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Homebuying Basics – Negotiating The Best Price For Your Home October 17, 2009

Posted by minnesotarealty in MN Realty.
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After you’ve spent enough time doing all of the research about your prospective MN home and are comfortable with working with the seller, it’s time to make the offer. However, the home buying offer isn’t the end of the sales process; you may be involved with negotiating a price after making the offer if the seller refuses to accept it, so you’ll need a plan to get the price you want – or close to it – well before you extend your initial offer.

Studying the contract in detail and having a back-up plan are just two ways to prepare for the negotiation process. Barron’s ‘Consumer’s Guide to Home Buying’ explains that it is best to be prepared for price negotiations even before submitting an offer by creating a checklist of items to consider when negotiating. Here are some items you need to take into account when negotiating for the price of your new home:

1. Knowing who the decision-makers are in the transaction. Understanding who really calls the shots is a critical element in any negotiation. Is the seller working alone or do they involve their lawyers, accountants, agents or any other third parties in their transactions? You can adapt your negotiating approach and gauge the trustworthiness of the seller if you know who the decision makers behind the contract are.

2. Do you have a contingency plan? If the seller refuses all of your offers, do you have other options? It can be frustrating to not be able to get what you want from the negotiation, but you also need to know when to back off and pursue another direction. Outline exactly how high you are willing to bid for the home and don’t go beyond your decision just to win.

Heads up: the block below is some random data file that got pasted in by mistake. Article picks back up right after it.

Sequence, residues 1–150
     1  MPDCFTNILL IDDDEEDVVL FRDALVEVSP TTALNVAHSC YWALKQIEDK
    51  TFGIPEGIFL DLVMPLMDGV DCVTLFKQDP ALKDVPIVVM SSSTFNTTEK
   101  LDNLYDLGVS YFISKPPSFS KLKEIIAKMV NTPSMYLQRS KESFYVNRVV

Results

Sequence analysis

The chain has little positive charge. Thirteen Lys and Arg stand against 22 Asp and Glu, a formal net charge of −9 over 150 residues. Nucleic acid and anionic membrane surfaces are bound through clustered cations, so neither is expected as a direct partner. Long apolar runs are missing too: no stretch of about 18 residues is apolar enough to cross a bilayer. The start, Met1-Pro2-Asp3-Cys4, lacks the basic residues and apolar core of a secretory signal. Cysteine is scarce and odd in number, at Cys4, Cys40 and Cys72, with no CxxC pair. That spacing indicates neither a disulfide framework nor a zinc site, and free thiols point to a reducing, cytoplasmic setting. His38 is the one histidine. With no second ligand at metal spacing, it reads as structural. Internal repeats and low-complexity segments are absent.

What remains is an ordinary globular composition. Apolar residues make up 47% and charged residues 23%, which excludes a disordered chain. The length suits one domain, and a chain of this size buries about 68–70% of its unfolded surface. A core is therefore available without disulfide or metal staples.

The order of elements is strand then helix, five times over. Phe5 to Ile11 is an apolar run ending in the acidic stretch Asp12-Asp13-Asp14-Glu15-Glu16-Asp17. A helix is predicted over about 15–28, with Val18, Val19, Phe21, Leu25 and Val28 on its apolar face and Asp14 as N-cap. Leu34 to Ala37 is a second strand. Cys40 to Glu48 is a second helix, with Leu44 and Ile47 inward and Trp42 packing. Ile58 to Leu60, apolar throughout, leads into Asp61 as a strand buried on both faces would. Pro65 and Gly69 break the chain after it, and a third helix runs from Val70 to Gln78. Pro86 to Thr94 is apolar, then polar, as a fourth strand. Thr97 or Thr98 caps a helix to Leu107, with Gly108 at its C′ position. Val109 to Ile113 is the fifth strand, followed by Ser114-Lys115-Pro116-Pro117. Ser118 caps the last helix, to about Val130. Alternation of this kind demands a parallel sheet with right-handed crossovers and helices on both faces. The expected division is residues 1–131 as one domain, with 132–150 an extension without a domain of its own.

3. Read the whole contract in detail. Know what you’re getting into before you sign your name on the contract. Review the contract in detail and take note of any provisions that are not clear to you. It is best to clarify all terms in the contract with the seller than to assume the meaning of the terms yourself.

4. Develop a relationship with your realtor. Realtors have the experience to give you professional advice about your prospective home. Spend the time to develop a positive working relationship with them. Voice out your concerns to your MN realtor well ahead of the negotiation process to give your realtor time to help you in making an informed decision.

5. Be prepared to handle negotiation setbacks. Poor communication happens in any negotiation often and you have to learn how to deal with it. There are other things as well that make negotiating difficult. It is important to remain impervious to negotiation setbacks but you have to know when to stop negotiating when you think the transaction is not going anywhere.

In Today’s Economy – Should You Buy Or Rent Your Home? February 4, 2009

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Those of us who are conscious of the current economic conditions would say that choosing between owning and renting a MN house at this time poses quite a challenge. It is very easy to fall prey to others whose opinion seemingly sound “good.” However, we cannot deny that this requires expertise on the part of the information source. In so doing, we can possibly avoid costly or unnecessary mistakes. Preferring the right information source with reference to owning or renting also affords us the chance to anchor our decisions from an authority on the matter.

A good adviser takes into account several factors to help you come up with sound financial decision. One, he must consider your individual situation; and two, he must be experienced enough to back his claims with solid evidence. Since no two people have exactly the same predicament and your case is unique from the others – it is crucial to weigh the costs and benefits of buying versus renting. As the co – author of the book Equity Happens (Russell Gray) puts it, “Do the math!”